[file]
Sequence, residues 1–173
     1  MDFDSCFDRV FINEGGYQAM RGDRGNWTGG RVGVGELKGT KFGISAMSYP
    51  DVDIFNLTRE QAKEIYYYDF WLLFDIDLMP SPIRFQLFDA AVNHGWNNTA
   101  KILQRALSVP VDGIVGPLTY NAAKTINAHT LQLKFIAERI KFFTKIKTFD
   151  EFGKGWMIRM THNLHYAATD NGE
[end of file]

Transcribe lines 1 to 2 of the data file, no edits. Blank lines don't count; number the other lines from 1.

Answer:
Sequence, residues 1–173
     1  MDFDSCFDRV FINEGGYQAM RGDRGNWTGG RVGVGELKGT KFGISAMSYP